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There’s a reason most of us only cook turkey once a year: The bird is notoriously easy to overcook. You could rely on gravy and cranberry sauce to salvage your dried-out turkey this Thanksgiving, or you could follow cooking advice from the experts.

Brining a turkey is the best way to guarantee it retains its moisture after hours in the oven. The process is also time-consuming, so do yourself a favor this year and let Alexa be your sous chef.

“Morton Brine Time” is a new skill from the cloud-based home assistant. If you own an Amazon Echo you can download it for free by going online or by asking Alexa to enable it. Once it’s set up, start asking Alexa for brining tips and step-by-step recipes customized to the size of your turkey. Two recipes were developed by Richard Blais, the celebrity chef and restaurateur best known for his Top Chef win and Food Network appearances.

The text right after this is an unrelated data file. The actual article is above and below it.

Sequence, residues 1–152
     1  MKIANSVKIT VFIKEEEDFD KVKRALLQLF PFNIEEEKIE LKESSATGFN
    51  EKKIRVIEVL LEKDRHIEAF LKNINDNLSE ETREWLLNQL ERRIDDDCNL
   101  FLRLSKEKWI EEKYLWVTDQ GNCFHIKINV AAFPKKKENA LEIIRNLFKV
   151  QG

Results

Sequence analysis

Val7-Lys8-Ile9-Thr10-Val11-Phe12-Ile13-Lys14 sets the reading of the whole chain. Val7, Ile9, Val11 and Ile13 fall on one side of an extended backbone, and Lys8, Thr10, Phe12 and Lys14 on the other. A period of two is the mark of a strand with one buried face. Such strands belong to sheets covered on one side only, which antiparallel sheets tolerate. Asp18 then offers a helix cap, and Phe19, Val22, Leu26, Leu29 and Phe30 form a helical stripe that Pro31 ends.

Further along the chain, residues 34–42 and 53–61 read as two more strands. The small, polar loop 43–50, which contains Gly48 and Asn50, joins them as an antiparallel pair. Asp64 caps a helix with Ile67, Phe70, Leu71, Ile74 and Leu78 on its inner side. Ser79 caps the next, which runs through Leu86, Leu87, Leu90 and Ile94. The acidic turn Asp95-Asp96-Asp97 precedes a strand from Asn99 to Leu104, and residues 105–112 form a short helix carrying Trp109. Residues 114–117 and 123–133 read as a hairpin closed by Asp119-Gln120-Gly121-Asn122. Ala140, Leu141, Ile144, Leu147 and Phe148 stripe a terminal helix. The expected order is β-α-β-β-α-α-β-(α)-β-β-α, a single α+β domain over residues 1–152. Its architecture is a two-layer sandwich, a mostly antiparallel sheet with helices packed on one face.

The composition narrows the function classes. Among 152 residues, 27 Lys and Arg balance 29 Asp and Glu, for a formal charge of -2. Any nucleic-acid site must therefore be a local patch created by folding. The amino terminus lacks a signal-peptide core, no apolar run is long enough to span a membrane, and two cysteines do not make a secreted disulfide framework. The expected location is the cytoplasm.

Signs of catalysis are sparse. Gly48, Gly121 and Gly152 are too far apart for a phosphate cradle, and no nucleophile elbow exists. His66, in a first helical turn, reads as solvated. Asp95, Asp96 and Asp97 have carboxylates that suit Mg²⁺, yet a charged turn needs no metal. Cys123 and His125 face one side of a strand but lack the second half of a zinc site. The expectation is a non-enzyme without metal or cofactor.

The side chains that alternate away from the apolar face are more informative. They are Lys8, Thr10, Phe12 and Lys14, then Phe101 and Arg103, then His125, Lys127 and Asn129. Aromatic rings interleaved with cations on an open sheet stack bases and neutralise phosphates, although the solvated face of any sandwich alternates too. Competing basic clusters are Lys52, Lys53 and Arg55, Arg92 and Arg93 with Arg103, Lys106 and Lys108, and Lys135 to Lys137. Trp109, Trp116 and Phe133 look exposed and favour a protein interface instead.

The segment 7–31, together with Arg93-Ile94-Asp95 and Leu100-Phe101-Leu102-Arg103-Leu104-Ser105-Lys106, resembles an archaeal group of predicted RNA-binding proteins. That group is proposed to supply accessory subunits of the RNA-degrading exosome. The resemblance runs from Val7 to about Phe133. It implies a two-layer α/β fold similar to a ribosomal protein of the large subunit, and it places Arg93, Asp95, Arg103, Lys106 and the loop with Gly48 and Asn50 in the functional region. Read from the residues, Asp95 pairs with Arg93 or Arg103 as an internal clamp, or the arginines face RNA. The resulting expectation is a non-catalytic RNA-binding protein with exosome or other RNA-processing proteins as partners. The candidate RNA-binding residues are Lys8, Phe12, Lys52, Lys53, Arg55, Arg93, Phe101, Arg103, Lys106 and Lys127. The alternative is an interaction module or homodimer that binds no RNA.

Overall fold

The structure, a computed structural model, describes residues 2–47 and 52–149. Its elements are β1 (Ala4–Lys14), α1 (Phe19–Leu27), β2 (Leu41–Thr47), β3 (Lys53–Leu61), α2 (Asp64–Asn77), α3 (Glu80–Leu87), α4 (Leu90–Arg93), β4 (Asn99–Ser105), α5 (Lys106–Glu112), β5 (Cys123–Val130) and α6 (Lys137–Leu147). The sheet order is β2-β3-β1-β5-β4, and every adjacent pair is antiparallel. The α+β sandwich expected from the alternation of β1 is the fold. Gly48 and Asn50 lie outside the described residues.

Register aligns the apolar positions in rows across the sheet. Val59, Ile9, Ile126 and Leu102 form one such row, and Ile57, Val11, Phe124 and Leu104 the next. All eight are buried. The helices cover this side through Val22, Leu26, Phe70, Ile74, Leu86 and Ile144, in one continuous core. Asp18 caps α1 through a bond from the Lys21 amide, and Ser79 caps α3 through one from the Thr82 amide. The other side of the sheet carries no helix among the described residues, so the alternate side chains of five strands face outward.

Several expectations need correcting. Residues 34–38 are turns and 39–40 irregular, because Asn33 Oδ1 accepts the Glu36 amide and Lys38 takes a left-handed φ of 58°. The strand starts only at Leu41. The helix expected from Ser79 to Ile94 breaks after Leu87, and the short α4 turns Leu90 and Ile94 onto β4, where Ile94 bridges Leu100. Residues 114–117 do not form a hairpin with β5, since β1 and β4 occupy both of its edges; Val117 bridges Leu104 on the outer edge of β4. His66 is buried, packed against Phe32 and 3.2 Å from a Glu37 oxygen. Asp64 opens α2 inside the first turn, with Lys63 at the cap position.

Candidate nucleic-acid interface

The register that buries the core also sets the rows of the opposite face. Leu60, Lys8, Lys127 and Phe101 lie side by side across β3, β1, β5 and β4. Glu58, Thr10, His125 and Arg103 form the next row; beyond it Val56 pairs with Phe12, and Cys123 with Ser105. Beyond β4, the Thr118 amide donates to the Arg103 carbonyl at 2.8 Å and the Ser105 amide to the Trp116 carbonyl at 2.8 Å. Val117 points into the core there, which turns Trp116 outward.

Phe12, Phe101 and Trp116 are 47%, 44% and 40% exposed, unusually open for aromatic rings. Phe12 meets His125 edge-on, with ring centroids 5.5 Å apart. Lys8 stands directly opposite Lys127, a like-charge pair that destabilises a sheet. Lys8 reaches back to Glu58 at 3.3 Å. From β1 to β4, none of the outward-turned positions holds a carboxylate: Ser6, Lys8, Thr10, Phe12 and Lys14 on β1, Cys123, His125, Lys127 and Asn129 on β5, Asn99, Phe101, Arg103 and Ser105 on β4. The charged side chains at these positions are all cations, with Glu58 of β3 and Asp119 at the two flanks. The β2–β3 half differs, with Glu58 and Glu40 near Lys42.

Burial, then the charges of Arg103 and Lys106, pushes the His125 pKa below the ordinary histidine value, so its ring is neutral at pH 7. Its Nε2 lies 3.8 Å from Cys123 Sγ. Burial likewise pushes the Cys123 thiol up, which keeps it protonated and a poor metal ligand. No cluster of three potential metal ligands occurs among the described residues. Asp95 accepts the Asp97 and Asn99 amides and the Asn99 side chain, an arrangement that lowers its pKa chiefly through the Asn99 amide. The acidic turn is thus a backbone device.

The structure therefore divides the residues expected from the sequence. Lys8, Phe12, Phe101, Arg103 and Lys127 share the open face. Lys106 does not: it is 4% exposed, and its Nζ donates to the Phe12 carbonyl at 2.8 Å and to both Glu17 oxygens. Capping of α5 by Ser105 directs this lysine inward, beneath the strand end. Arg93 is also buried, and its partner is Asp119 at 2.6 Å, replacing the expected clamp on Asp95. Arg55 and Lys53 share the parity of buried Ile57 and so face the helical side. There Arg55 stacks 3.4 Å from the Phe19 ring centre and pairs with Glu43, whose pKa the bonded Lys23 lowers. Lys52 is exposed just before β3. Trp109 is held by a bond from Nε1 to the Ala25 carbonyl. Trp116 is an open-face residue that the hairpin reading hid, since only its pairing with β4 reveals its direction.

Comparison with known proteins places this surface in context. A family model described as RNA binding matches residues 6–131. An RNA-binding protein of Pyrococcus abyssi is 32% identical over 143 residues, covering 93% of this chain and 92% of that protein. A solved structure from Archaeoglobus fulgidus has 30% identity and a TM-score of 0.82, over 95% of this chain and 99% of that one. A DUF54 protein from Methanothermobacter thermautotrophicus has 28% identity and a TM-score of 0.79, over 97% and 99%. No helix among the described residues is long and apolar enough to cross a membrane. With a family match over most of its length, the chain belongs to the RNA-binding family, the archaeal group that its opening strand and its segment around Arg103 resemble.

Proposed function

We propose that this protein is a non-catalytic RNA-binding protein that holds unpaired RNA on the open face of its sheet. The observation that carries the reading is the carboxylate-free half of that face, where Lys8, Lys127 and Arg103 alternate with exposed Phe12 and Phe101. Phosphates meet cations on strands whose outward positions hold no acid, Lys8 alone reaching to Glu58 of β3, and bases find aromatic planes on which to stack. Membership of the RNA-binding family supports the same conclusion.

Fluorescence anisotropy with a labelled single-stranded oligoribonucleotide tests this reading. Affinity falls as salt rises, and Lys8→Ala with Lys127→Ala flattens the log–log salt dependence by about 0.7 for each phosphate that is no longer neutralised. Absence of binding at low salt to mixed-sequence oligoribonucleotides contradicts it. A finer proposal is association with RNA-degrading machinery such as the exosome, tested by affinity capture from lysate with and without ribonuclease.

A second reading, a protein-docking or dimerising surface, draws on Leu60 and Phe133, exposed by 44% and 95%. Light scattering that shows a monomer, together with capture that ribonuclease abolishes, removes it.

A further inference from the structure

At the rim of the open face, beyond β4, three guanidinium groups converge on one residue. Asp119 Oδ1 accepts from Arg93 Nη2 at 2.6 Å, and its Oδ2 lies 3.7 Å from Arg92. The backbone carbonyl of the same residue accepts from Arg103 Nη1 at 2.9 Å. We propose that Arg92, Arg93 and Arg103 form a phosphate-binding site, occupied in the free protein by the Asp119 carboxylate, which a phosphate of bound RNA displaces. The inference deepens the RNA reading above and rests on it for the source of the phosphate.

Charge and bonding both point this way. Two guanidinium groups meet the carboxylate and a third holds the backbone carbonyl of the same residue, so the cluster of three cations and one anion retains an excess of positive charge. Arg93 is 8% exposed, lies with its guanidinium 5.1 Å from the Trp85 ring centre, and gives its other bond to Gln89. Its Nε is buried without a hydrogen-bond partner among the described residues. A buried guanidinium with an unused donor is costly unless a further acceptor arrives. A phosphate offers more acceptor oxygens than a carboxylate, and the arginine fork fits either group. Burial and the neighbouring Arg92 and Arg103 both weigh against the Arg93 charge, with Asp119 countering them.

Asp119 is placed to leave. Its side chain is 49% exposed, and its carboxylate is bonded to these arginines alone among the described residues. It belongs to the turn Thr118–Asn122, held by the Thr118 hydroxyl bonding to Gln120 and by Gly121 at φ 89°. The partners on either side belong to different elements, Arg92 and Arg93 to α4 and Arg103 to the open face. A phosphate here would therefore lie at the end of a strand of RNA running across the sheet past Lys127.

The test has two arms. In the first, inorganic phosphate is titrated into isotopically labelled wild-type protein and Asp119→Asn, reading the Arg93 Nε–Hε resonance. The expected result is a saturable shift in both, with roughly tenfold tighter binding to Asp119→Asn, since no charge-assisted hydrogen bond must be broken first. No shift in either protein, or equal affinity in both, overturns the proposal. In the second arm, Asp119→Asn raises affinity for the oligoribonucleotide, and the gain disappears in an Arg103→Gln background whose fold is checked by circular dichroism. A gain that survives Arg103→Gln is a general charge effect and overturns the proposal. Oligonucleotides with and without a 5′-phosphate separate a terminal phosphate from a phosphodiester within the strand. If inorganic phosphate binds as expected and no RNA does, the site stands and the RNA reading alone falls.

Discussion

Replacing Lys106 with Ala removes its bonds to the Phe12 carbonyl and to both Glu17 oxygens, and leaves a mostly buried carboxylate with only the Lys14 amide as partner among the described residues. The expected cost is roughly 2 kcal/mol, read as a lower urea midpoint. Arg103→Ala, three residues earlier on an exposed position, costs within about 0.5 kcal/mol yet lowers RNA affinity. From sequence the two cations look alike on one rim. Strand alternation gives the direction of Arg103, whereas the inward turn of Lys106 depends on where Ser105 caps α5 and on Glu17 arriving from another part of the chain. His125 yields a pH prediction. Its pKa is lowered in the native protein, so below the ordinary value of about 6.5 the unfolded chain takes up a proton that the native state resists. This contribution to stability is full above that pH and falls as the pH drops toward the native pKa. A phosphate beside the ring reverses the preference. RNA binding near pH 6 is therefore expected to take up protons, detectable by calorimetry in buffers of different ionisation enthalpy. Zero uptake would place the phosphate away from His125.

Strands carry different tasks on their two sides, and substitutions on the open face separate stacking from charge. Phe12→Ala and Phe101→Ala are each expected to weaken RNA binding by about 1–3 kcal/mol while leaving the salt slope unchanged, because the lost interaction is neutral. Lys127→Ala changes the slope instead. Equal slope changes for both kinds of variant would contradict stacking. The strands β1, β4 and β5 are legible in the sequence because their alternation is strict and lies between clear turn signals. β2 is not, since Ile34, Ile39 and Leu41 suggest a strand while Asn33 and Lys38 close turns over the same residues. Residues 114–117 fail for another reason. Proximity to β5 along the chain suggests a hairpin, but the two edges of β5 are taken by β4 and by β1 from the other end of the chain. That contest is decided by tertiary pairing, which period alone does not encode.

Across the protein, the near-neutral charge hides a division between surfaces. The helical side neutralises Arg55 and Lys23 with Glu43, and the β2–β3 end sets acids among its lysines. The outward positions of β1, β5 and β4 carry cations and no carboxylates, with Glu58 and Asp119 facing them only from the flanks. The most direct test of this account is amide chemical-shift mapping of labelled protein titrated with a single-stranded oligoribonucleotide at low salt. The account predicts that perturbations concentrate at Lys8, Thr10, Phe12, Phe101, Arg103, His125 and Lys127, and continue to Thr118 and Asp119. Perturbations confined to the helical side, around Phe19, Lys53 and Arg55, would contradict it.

Whether you go for a wet brine (soaking your turkey in water, salt, sugar, and spices) or a dry one (just salt and spices), the process isn’t as intimidating as it sounds. And the knowledge that your bird will come out succulent and juicy will definitely take some stress out of the holiday.

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Big Questions
Why Do the Lions and Cowboys Always Play on Thanksgiving?
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Because it's tradition! But how did this tradition begin?